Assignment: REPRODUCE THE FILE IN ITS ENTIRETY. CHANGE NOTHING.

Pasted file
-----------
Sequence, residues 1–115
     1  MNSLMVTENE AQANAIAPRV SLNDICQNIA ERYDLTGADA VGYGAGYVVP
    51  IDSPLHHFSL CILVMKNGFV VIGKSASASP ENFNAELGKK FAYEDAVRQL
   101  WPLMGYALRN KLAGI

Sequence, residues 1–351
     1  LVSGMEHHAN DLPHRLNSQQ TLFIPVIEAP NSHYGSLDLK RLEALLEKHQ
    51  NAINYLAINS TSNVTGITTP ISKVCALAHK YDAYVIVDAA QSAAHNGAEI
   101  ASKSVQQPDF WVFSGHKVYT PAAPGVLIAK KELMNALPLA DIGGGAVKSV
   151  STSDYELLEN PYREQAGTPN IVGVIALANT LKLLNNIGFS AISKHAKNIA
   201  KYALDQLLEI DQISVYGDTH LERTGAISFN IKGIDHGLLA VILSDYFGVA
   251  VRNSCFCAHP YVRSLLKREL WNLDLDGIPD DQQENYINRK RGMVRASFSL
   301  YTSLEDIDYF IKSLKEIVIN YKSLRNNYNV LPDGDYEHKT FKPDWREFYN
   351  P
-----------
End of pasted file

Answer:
Sequence, residues 1–115
     1  MNSLMVTENE AQANAIAPRV SLNDICQNIA ERYDLTGADA VGYGAGYVVP
    51  IDSPLHHFSL CILVMKNGFV VIGKSASASP ENFNAELGKK FAYEDAVRQL
   101  WPLMGYALRN KLAGI

Sequence, residues 1–351
     1  LVSGMEHHAN DLPHRLNSQQ TLFIPVIEAP NSHYGSLDLK RLEALLEKHQ
    51  NAINYLAINS TSNVTGITTP ISKVCALAHK YDAYVIVDAA QSAAHNGAEI
   101  ASKSVQQPDF WVFSGHKVYT PAAPGVLIAK KELMNALPLA DIGGGAVKSV
   151  STSDYELLEN PYREQAGTPN IVGVIALANT LKLLNNIGFS AISKHAKNIA
   201  KYALDQLLEI DQISVYGDTH LERTGAISFN IKGIDHGLLA VILSDYFGVA
   251  VRNSCFCAHP YVRSLLKREL WNLDLDGIPD DQQENYINRK RGMVRASFSL
   301  YTSLEDIDYF IKSLKEIVIN YKSLRNNYNV LPDGDYEHKT FKPDWREFYN
   351  P